One group at particularly high risk of developing pancreatic cancer are those with pancreatic cysts called intraductal papillary mucinous neoplasms (IPMNs). These cysts are often precursors to malignant tumors, and even those who undergo partial pancreatectomy to have them removed face an increased risk of developing cancer in the pancreatic remnant. Approximately 25% will develop radiographic signs of IPMN progression within three to four years of resection.
Hoping to improve the odds, a multi-institutional team of doctors is investigating whether an anti-inflammatory drug regimen could stop or slow the progression from IPMN to pancreatic cancer.
What Is Chemoprevention?
Chemoprevention is an approach being explored in several cancers, such as the use of the estrogen-blocking pill tamoxifen by women at high risk of developing breast cancer. But this is the first chemoprevention trial for pancreatic adenocarcinoma.
The drug used in the IPMN trial is sulindac, a nonsteroidal anti-inflammatory drug (NSAID) that works by blocking cyclooxygenase-2 (COX-2), an enzyme that increases pain and inflammation. COX inhibitors have been shown to be effective in reducing inflammation.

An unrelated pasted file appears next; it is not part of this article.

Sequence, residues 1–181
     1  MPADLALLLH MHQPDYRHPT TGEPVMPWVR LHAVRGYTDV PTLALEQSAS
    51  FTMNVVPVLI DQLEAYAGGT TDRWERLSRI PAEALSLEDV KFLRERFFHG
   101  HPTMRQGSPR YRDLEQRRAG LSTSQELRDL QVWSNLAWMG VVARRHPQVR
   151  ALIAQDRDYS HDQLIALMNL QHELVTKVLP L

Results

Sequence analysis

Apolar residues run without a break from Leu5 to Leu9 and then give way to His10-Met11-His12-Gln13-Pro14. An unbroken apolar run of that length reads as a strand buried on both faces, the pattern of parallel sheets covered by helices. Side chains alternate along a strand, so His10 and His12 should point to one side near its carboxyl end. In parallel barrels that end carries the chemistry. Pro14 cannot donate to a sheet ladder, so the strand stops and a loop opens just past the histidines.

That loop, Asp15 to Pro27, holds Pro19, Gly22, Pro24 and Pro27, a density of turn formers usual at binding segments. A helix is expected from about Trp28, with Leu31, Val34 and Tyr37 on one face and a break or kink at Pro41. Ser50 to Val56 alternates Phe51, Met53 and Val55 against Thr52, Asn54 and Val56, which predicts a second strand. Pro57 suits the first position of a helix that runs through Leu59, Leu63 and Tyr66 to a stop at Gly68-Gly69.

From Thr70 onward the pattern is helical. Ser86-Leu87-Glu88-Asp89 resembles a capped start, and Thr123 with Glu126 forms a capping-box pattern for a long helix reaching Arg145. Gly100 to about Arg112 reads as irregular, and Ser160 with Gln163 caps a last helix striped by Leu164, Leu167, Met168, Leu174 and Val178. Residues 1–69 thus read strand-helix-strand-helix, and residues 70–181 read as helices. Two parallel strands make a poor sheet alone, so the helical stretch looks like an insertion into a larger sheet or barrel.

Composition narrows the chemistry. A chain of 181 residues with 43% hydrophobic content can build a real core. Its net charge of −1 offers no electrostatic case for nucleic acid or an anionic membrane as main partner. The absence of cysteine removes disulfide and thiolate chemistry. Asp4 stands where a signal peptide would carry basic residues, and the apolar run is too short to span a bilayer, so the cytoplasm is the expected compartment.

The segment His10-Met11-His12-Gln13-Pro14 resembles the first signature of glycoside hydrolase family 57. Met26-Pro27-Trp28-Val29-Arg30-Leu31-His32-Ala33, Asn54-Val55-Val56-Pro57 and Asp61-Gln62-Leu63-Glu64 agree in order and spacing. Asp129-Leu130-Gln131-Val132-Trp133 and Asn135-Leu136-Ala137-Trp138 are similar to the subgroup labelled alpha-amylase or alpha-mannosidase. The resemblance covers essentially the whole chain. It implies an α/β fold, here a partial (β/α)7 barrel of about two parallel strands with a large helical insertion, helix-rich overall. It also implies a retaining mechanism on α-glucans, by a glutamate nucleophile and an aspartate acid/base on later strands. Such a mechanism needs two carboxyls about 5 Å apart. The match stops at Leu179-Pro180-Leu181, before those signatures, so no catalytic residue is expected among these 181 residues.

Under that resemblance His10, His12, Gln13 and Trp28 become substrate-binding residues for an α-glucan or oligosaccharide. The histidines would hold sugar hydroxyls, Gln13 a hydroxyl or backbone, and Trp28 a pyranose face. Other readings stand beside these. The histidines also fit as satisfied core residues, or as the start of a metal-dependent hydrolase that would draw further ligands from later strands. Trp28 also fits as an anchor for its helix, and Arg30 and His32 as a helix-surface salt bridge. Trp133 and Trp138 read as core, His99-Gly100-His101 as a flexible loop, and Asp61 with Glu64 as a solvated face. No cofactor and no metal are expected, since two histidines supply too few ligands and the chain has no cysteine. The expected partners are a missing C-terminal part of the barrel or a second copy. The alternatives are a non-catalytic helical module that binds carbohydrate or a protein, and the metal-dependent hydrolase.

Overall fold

“We know from 10 years of research that patients develop significant inflammation as their disease progresses, and we believe this inflammation may be a driver of pancreatic cancer,” says one of the trial’s lead investigators, Peter Allen, M.D., Chief of the Division of Surgical Oncology at Duke University School of Medicine, Durham, North Carolina. Allen has teamed up with doctors from Johns Hopkins Medicine (Baltimore, Maryland), Massachusetts General Hospital (Boston, Massachusetts), and Memorial Sloan Kettering Cancer Center (New York) to test the treatment on 200 IPMN patients.
Half of the participants will be given sulindac (200 mg by mouth twice daily), and the other half will receive a placebo. They will be closely monitored for three years, with alternating CT imaging and endoscopic ultrasound/fluid aspiration every six months.
The primary endpoint of the National Cancer Institute-funded phase II trial will be the rate of radiographic progression after three years. The team will also assess the effects of the treatment on cyst fluid inflammatory markers and test the use of radiographic assessment (radiomics) for early detection of progression to malignancy.
“We are excited to see if reducing this inflammation can slow progression of the disease,” Allen says.